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Canadian warships to renew drug-trafficking operation in South and Central America

HMCS Saskatoon arrives in Esquimalt Harbour, B.C., sailing past Fisgard Lighthouse, in this undated DND handout photo. (THE CANADIAN PRESS / DND) HMCS Saskatoon arrives in Esquimalt Harbour, B.C., sailing past Fisgard Lighthouse, in this undated DND handout photo. (THE CANADIAN PRESS / DND)

The Canadian navy is renewing its drug-interdiction efforts in South and Central America, with approximately 80 sailors set to deploy from Canadian Forces Base Esquimalt, B.C., on Monday.

Forty crewmembers apiece will depart Vancouver Island aboard a pair of coastal defence vessels, HMCS Saskatoon and HMCS Yellowknife.

The three-month deployment will mark more than a decade and a half since Canada launched Operation Caribbe as part of an American-led counter-narcotics mission in the eastern Pacific Ocean and Caribbean Sea.

The sailors will be joined on the deployment by vessels from the U.S. Coast Guard.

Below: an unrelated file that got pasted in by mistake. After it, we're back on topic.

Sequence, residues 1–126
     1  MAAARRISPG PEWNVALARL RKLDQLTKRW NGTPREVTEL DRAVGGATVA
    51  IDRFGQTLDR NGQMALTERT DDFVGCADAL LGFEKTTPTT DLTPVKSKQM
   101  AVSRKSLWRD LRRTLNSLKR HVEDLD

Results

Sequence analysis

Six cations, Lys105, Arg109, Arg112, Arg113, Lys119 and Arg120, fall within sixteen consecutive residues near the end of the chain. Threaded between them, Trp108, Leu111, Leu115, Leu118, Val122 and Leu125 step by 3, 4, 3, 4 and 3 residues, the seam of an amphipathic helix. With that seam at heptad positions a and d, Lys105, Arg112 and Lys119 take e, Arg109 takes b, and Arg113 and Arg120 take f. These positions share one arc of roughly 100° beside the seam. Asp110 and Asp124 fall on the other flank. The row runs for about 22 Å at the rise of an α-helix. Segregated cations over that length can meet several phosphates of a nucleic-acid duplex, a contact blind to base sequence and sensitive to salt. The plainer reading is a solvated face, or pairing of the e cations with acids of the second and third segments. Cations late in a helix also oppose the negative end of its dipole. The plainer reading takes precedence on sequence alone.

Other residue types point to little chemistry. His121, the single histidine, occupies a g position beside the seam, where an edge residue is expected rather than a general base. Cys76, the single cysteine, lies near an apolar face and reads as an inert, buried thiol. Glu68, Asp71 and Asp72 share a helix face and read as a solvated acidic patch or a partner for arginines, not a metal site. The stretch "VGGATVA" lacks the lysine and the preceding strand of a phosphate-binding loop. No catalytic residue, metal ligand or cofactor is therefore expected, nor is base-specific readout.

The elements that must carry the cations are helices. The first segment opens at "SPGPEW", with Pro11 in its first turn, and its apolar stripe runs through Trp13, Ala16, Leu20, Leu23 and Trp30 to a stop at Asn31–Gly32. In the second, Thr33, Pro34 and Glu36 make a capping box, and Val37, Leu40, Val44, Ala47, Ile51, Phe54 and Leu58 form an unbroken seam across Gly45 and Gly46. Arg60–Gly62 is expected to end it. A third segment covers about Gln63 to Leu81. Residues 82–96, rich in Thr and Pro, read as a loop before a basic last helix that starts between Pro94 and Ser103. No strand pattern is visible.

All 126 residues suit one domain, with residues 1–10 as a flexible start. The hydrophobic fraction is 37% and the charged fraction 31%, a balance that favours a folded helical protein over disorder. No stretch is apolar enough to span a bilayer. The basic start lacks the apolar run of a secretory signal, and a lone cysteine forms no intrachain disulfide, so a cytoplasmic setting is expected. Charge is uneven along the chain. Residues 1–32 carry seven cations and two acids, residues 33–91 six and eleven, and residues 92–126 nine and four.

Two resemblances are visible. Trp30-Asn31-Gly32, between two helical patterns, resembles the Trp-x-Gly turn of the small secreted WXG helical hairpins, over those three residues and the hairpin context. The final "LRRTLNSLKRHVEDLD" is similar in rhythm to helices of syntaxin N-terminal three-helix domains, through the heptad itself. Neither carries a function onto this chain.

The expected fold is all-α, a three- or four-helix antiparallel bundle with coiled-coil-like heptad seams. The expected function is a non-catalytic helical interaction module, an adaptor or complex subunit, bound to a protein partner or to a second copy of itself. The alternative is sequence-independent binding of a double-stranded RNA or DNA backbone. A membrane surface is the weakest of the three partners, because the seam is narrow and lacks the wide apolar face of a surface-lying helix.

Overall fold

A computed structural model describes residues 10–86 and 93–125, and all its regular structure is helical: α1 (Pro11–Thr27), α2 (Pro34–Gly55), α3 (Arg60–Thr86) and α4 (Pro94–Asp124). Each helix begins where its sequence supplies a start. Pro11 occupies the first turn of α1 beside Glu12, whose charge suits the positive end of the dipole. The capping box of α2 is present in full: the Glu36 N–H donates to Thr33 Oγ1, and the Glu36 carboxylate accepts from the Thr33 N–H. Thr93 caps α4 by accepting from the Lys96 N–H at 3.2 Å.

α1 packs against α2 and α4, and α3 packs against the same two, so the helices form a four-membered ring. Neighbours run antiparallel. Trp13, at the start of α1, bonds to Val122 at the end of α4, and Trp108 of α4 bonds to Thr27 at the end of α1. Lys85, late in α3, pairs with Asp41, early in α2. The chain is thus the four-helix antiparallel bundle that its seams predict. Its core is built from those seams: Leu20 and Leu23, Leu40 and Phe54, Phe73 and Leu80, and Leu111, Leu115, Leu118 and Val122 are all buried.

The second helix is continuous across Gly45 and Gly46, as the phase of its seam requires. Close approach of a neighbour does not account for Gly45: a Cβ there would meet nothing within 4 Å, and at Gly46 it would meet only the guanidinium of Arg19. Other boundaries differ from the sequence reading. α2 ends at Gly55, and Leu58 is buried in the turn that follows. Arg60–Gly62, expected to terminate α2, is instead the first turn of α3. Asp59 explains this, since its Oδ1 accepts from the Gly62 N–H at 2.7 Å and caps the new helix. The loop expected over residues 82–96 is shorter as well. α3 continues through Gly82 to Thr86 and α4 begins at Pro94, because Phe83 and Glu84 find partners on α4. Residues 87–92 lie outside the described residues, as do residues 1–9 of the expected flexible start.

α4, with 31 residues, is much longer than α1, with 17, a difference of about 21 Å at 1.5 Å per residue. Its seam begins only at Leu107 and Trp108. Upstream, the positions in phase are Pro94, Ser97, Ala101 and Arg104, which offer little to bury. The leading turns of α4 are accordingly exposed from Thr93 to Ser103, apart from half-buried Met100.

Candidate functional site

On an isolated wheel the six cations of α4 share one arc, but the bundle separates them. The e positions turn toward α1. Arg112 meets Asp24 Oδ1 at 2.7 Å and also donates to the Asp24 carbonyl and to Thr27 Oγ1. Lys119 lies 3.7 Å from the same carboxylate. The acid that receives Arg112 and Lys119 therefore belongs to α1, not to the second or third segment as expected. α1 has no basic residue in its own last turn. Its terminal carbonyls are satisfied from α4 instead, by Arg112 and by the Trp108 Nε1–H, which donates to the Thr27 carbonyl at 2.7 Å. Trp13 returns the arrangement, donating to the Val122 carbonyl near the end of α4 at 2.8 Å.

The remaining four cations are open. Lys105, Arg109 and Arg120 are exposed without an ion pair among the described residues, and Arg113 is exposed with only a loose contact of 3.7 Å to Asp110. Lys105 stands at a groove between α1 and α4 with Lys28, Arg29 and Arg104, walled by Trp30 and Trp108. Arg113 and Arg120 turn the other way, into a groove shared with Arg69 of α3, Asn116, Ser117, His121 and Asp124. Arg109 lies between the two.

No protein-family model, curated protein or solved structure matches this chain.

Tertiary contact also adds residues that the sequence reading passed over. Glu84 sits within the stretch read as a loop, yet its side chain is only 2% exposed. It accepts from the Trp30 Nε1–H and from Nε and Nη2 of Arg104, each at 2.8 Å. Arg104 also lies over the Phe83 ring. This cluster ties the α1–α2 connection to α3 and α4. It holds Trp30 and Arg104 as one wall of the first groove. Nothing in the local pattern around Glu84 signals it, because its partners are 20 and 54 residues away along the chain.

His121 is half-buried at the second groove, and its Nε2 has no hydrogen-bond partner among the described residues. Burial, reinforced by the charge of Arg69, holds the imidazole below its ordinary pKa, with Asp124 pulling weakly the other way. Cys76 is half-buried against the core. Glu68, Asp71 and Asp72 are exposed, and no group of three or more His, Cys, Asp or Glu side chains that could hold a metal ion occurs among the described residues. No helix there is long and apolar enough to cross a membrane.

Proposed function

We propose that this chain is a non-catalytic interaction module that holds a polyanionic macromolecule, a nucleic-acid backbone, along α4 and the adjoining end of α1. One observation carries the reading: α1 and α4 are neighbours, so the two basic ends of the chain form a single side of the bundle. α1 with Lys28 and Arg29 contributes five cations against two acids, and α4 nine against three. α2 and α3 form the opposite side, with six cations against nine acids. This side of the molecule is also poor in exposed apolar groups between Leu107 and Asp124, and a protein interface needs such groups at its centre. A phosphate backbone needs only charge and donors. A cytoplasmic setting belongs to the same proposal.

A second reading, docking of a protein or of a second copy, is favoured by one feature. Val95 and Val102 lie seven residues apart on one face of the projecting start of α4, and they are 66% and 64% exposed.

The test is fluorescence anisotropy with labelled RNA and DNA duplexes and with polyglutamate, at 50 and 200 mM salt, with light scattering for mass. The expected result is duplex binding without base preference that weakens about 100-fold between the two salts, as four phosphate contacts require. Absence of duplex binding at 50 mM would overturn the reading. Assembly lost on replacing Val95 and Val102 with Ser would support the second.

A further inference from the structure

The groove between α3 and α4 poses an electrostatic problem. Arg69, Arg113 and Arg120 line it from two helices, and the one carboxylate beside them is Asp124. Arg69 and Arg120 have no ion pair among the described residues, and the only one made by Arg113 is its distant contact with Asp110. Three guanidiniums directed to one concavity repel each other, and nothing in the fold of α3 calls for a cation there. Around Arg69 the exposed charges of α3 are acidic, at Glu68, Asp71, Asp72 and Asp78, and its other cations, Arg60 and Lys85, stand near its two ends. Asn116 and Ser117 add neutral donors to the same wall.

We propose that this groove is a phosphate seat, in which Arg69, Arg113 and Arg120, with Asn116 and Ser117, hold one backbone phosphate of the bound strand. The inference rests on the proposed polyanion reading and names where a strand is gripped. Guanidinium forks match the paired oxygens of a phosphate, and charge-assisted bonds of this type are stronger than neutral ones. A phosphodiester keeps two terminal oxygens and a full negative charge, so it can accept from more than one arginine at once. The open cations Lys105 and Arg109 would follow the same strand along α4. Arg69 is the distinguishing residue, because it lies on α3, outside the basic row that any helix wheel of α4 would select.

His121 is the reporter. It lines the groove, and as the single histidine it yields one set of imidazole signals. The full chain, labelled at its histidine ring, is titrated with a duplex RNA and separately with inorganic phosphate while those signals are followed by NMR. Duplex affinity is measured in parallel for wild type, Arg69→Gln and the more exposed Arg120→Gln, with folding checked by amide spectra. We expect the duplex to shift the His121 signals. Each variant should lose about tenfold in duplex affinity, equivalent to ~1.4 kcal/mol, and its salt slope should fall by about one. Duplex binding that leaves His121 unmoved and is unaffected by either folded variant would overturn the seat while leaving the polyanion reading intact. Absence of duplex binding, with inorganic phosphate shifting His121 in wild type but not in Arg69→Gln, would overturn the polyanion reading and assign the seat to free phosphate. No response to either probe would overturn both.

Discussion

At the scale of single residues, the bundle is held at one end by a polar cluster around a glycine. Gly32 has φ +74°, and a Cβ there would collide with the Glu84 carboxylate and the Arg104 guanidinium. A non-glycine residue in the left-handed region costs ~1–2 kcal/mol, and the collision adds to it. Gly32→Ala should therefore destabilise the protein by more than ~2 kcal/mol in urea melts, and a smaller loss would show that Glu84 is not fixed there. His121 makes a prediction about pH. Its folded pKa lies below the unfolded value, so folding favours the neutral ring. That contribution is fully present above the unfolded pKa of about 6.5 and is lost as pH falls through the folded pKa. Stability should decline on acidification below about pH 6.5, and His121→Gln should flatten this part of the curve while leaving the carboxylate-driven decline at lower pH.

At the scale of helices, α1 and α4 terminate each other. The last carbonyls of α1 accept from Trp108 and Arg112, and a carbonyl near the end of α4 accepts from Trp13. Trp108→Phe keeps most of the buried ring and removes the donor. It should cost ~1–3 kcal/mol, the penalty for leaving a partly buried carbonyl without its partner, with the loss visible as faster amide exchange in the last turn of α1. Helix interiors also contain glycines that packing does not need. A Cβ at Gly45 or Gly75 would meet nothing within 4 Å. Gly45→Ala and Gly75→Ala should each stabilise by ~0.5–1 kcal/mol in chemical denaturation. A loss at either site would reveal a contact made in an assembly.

In 2010, Canada and the U.S. signed a memorandum of understanding allowing American coast guard members to operate aboard Canadian warships, according to the Department of National Defence.

HMCS Yellowknife will be captained by Lt.-Cmdr. James Brun, a 17-year veteran of the Royal Canadian Navy, embarking on his fourth deployment with the Caribbean drug-interdiction operation.

His ship will carry a hand-launched aerial surveillance drone. The Puma unmanned aerial vehicle is designed to extend the vessel's range of detection for surface or near-surface vessels.

Lt.-Cmdr. Nadia Shields, a 20-year navy veteran, will be in command of HMCS Saskatoon for a second consecutive year on the deployment.

“We have an amazing, dedicated, professional, and focused team, and I have no doubt we will be successful because of them,” Shields said in a statement. "Our area of operation is larger than the North American land mass itself and we are two HMC ships searching for small boats. It is a difficult mission, but not impossible, as we have proven before.”

In April 2021, HMCS Saskatoon and another coastal defence vessel, HMCS Brandon, participated in a $44-million drug bust that included the seizure of 1,120 kilograms of cocaine.

National Defence estimates the Canadian Forces have either seized or disrupted the trafficking of more than 112 tonnes of cocaine since the inception of Operation Caribbe in 2006. Top Stories

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